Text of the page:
use of SMD components?

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Hello, I have some questions here. I wonder if an amp kit using SMD components would be better or more reliable than common parts like resistors, caps, transistors etc, let say it is the same amp kit but one using SMD components and the other regular board. I ask this ,because I have seen some amps kits using regulars boards with big components and I think these kits with these big parts would be more reliable than those tiny SMD components and if the big parts get damaged they will be easier to change than SMD components.What I see in the SMD design is they are compact and all the voltages and signal are really short. I hope you understand what I am trying to say.Thanks
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My view would be that the reliability of the resulting amplifier is more a function of the care its put together with than the choice of through-hole/SMT. Myself I'd go for the SMT kit if choosing between them because smaller size means less area to collect RFI - this seems to be something you've noticed too. For audio I consider this quite a significant advantage. That is assuming the kit doesn't have parts smaller than 0603 which I might find difficult to see let alone solder:eek:

Sometimes desoldering SMT is easier - to change a part becomes simpler because everything's on one side. No need for a solder sucker with the smaller parts, they're so tiny that both ends get hot enough with a touch on one pad. But of course its very easy to lose components - fortunately they're so cheap it barely matters.

I'd check in the case of an amp kit that the parts that will encounter significant voltage across them are adequately specified. Thinking here of feedback resistors around amps that might introduce excess distortion if made from too-low rated parts. An 0603 (0.1W) as a feedback resistor I think wouldn't be such a good idea in a 100W/8R amp.
Well, I agree with the smaller size means less area to collect RFI thing.
But are these SMD components strong enough to handle long term work?
I ask this because I see these tiny components and they look so "weak" to me. I always worked with real parts lol not these tiny staff. Maybe I am getting to old for this "new" era lol.
There are 2 benefits of using SMD. #1. Reduced manufacturing cost of medium to high volume products. It can improve quality in the short term, but the process requires high supervision. Rework or repair can be "not practical". #2. Space saving allowing more complex circuitry in a smaller area. In general SMD components in high gain critical analog stages produce unwanted noise and distortion unless you use certain types. Not a problem for digital. In general SMD is not an advantage in low volume DIY projects.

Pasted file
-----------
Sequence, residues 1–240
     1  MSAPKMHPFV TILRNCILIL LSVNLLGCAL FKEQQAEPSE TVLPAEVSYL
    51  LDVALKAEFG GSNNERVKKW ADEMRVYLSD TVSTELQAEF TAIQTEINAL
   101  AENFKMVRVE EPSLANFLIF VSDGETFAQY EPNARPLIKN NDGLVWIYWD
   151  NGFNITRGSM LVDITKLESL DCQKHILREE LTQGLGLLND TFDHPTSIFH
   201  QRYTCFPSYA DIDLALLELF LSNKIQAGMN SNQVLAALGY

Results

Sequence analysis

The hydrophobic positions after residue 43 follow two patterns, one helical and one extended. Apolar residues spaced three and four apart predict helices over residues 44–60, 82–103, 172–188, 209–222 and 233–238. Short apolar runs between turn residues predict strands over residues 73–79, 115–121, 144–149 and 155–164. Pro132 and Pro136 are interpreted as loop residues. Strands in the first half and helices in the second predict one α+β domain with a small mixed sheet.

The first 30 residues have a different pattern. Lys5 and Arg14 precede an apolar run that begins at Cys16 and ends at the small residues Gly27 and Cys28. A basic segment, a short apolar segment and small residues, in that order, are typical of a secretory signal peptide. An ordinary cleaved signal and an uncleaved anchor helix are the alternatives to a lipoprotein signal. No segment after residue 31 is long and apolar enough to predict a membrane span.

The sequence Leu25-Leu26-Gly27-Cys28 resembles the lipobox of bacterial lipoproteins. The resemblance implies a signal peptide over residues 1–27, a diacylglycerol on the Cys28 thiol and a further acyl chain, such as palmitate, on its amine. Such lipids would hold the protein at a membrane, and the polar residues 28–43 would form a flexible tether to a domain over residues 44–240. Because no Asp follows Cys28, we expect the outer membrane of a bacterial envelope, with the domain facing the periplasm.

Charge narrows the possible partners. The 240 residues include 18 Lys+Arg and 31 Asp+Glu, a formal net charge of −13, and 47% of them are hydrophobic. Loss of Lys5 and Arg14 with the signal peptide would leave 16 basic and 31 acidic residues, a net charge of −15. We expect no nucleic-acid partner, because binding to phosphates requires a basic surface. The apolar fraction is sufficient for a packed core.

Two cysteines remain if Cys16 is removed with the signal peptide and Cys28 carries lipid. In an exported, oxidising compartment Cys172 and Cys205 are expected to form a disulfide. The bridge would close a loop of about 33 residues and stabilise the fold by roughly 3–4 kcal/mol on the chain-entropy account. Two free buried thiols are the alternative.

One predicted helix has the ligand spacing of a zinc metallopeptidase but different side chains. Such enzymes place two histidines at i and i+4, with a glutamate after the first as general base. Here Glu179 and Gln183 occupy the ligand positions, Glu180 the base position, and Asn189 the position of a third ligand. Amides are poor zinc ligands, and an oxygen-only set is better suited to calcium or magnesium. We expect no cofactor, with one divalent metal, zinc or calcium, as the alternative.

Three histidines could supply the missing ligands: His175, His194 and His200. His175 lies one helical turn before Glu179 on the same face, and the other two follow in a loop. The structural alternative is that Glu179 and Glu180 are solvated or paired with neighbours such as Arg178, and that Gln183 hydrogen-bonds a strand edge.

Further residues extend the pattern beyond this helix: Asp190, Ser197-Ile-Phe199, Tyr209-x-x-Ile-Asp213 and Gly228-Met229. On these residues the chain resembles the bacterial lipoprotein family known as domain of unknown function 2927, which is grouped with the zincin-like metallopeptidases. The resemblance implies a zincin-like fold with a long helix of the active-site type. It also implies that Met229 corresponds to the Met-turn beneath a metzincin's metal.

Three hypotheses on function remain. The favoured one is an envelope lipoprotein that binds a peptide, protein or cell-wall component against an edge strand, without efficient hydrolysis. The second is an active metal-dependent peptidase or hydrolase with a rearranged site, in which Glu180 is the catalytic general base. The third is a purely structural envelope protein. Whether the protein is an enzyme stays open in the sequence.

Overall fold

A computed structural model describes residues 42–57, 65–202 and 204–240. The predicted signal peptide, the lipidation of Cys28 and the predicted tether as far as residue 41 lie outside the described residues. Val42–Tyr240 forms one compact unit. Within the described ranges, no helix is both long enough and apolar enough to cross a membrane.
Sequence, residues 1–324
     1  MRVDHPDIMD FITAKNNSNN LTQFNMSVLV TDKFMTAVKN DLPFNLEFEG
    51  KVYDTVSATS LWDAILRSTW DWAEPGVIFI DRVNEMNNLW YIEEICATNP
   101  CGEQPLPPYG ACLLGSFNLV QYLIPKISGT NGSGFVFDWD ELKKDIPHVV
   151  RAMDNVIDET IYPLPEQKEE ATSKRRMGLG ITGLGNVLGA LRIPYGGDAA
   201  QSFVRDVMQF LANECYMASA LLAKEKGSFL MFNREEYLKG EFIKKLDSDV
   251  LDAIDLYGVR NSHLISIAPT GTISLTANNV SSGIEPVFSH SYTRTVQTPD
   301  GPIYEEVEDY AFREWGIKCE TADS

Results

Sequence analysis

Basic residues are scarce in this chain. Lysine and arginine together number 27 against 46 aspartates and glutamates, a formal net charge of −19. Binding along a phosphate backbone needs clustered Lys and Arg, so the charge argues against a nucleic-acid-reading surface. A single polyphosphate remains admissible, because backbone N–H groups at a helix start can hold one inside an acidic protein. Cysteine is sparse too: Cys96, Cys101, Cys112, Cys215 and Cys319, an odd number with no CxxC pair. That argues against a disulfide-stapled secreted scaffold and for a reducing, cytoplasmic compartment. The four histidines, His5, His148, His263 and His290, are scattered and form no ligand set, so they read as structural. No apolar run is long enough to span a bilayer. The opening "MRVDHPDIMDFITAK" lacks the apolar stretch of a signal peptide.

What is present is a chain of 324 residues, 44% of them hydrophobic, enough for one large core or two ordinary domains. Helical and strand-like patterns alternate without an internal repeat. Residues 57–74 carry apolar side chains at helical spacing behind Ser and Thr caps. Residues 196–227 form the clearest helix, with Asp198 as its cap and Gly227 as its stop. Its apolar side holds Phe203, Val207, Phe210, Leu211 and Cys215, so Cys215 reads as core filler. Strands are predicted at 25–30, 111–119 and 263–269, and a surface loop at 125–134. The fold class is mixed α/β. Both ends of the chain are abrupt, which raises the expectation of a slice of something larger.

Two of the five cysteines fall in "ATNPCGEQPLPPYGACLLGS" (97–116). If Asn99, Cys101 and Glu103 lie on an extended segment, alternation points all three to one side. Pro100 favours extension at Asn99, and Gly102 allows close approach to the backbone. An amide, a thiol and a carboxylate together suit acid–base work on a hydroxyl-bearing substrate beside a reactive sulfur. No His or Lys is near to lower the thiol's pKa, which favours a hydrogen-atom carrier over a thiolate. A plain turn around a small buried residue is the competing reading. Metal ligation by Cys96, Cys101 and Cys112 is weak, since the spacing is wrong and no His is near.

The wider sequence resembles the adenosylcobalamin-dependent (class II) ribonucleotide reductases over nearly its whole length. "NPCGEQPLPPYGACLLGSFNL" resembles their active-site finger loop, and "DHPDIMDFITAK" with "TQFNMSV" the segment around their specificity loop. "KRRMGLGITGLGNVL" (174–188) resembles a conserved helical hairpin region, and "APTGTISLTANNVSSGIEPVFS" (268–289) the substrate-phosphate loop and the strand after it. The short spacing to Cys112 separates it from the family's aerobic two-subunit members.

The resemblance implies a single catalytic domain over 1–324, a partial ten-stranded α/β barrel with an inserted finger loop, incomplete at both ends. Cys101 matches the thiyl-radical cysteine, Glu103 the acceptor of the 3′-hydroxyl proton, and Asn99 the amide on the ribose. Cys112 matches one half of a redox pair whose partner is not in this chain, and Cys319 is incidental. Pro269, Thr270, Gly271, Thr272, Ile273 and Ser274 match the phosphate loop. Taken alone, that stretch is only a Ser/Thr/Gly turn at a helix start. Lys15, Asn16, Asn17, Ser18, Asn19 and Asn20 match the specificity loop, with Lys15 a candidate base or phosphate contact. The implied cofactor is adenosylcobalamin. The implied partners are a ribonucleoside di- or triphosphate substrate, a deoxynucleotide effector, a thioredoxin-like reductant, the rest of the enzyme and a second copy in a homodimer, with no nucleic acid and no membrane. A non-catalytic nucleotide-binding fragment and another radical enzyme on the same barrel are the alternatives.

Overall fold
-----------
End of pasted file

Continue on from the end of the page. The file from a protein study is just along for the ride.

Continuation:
Well I think that given most consumer electronics these days is SMT, if it was a major reliability problem there would be more widespread failures in the field. I just recently fixed my LCD TV - the PSU board looked conventional on the top side so I thought it had 'grunt', when i turned it over there were hundreds of SMT components on the reverse and I became a bit concerned. I agree they do look 'weak' but this is one of those times its best to put aside our perceptions and go along with the evidence:D Now its fixed, the TV is working fine (a non-SMT MOSFET had failed) - its power supply is a similar power level (around 250W) to an audio amp, but all switching of course.
One big advantage of SMD is the reduced parasitics. The residual capacitance and inductance are much smaller than in components with leads.

The down side is that you have to be almost a watchmaker to work on this modern stuff. The ICs especially are very small pitch and the circuit traces very fragile, so rework is difficult. And the old tools just won't do.

Many of the components rely on conduction for heat dissipation, while old style stuff relied on convection.
I'm for SMD, at least for those components that qualify. Those little SMD film resistors are actually pretty good in terms of noise, unless you over drive them.:mischiev: I can solder 0201 (20mW) resistors, and SOT-923 transistors, on a good day, it takes a steady hand.:p I used a 40W soldering iron and replaced the tip with a small finishing nail. With that, some flux, and a small flathead screwdriver, :magnify:, 0402's are a breeze.:D